Let me also very strongly warn you:  The current owner has tried and true operational methods in place.  Even if you see things that can be changed for the better DON'T DO IT.  Like a tennis coach of mine once advised me: NEVER CHANGE A WINNING GAME.

          1 of 1 people found this helpful
            • Re: Looking to buy a business
              looking Wayfarer

              Thank you very very much. This was a very helpful and informative response.

                • Re: Looking to buy a business
                  Jeri Quinn Adventurer

                  Super reply from Uncle Leon. It's all about the tangible assets from the business. Have you looked at the intangible assets? Is the owner retiring? When you say 'moving on', is he going to start something new? If so, is he taking any employees with him? Or if he's retiring will some of those 27 year veterans retire also?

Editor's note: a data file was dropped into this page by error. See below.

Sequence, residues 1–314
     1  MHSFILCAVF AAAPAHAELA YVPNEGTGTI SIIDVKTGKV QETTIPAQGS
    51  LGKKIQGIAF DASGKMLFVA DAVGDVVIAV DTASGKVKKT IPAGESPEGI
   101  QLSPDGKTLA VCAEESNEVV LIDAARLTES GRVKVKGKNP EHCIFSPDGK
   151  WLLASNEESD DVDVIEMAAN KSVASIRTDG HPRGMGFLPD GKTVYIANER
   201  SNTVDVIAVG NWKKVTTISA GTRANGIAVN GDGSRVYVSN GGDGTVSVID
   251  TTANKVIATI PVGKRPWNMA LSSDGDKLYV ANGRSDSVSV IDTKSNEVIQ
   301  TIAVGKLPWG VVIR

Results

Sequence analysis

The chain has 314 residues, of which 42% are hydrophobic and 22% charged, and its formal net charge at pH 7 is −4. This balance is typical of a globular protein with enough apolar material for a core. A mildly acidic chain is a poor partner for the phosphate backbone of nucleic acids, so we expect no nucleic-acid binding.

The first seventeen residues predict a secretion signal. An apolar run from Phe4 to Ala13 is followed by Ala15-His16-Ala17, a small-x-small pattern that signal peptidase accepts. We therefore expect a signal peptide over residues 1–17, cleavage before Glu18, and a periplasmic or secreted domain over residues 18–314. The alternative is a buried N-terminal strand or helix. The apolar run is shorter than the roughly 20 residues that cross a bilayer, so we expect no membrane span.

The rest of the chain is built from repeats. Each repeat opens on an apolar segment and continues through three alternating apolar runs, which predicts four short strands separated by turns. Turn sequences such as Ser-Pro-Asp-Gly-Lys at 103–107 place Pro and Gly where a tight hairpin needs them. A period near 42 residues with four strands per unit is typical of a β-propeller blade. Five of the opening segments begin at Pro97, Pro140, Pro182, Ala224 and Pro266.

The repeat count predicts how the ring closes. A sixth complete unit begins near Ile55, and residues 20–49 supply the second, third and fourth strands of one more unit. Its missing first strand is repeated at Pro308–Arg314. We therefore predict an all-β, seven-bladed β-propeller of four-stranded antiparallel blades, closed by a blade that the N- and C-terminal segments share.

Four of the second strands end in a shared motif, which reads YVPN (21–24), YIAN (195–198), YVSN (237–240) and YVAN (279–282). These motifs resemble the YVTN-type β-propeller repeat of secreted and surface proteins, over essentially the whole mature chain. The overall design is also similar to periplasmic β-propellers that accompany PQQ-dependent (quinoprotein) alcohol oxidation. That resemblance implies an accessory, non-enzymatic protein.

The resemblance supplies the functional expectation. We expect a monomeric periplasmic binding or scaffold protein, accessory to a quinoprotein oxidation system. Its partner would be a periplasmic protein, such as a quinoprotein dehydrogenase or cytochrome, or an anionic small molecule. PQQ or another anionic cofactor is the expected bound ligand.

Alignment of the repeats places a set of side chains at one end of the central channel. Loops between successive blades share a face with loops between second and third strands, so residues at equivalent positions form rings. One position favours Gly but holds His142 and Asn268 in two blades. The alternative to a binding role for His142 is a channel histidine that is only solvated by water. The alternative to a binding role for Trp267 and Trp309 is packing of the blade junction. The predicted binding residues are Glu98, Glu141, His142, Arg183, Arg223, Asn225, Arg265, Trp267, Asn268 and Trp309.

Are there written operational procedures?  What's the culture like? Has the business been dominated by the owner so that it will not function easily without him?

                   

                  Does he hold the key to all the client accounts or is there a sales team that functions whether or not he's around to call the shots? Does he own the strategic relationships? Will he take the time to transfer those relationship to you? It's in his best interest to do so, so you keep the business profitable, But it's good to write it into the agreement.

                   

                  Are any of the vendor relationships dependent on the ownership of the company? Some vendors want to reassess service levels if ownership changes. Good to write that into the contract as well.

                   

                  Good luck if you decide to move forward.